On Friday we threw a little shindig; nothing crazy, but a test-run to see if this space could host a diverse group of people. Invitees included a veteran, a cop, acro-yogis, REI employees, emergency hotline operators, self-employed employees, engineers, dancers, and cyclists. At some point in the night as rhythmic bump of another Logic song played through the speakers of our main room, a connection was made. Sean met one of my friends whom I made while biking as part of an art installation during Baltimore's inaugural Light City back in April. This friend, Brian, was also a photographer and saw Sean's newly installed roll-down cyc wall that could be used for photo-shoots.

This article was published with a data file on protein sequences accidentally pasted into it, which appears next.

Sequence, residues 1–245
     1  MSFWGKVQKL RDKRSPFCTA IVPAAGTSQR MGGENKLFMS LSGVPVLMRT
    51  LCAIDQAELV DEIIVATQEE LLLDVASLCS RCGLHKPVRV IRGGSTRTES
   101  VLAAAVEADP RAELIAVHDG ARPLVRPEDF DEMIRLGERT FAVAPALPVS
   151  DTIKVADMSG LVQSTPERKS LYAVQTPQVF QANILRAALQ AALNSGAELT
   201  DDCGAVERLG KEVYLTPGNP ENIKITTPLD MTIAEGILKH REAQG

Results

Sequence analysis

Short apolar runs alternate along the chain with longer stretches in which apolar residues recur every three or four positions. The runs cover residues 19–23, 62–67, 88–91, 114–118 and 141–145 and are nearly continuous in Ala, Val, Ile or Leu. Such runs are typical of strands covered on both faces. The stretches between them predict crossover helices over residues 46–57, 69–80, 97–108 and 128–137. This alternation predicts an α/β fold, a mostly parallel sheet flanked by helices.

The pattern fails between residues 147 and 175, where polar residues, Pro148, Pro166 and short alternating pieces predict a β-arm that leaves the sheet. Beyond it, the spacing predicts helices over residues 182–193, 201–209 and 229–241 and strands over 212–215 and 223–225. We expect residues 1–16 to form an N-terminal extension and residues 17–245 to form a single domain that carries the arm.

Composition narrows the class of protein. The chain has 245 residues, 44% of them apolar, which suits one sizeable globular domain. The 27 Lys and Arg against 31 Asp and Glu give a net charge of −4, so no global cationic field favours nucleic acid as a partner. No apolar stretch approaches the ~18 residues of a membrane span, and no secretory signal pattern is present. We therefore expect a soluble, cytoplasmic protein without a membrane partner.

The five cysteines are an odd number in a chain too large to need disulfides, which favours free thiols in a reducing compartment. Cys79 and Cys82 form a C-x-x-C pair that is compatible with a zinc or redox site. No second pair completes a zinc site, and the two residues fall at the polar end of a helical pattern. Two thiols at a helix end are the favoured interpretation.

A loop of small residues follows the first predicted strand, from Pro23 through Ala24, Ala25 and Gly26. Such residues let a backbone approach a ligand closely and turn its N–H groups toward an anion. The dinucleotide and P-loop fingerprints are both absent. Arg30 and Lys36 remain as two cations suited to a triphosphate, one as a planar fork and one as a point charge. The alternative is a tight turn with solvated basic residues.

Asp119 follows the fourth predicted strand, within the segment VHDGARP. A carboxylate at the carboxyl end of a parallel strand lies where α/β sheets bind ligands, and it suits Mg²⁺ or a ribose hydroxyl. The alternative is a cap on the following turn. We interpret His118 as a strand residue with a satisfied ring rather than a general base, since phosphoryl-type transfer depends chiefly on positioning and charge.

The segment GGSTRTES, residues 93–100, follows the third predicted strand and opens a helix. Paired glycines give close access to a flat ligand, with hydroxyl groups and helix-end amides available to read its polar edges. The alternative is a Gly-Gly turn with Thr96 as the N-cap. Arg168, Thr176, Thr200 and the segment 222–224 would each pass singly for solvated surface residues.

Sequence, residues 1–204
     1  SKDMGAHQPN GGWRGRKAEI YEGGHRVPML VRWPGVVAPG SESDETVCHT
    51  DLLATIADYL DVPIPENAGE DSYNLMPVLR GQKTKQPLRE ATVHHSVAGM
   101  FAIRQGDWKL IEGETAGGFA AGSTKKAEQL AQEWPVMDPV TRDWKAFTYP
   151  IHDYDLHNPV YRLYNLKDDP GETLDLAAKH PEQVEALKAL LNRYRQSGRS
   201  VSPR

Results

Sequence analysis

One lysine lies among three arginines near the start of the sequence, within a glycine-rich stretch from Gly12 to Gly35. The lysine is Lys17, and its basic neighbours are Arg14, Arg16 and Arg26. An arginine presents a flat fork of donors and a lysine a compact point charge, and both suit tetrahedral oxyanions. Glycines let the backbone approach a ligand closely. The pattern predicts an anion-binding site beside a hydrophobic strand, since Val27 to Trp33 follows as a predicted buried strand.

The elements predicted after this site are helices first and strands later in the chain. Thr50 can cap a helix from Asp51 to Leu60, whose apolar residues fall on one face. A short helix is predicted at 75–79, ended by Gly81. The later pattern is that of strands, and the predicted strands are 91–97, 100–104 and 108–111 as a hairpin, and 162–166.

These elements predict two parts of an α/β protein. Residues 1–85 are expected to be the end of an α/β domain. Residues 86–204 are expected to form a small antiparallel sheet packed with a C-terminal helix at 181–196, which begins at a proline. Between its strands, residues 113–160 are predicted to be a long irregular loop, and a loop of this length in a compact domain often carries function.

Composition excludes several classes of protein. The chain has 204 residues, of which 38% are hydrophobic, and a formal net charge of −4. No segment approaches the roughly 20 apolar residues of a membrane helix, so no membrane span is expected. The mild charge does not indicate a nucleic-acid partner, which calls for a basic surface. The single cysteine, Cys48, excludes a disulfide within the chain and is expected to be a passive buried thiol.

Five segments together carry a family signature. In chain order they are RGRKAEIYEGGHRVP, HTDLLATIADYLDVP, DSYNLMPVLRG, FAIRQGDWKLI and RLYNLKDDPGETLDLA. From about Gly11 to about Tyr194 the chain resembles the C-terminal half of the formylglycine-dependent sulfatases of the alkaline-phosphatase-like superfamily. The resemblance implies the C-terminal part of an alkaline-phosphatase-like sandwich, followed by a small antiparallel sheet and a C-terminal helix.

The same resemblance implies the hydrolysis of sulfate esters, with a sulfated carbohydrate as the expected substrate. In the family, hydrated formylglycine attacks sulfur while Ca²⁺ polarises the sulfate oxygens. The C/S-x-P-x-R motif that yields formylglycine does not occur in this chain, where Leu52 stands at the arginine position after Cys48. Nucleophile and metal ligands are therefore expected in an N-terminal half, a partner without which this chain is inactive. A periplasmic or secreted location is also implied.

After a slightly hungover and sticky Saturday morning, Brian came over with his client and took a few photos in the studio. There is something unique about living in a live-in studio: I talked with his client as I ironed my shirts in preparation for the week, as Brian and Sean fiddled around with the strobes and the gels for the shoot. His client seemed to be in awe that people lived in places like this and lived our lives here. He talked about his philosophy of life with his wife and how they are excited to try and push themselves to more adventures in life. In-between the clouds of steam emanating from my pressed shirts, I would look over at the living-room turned photo-studio and smiled knowing that this was my life right now.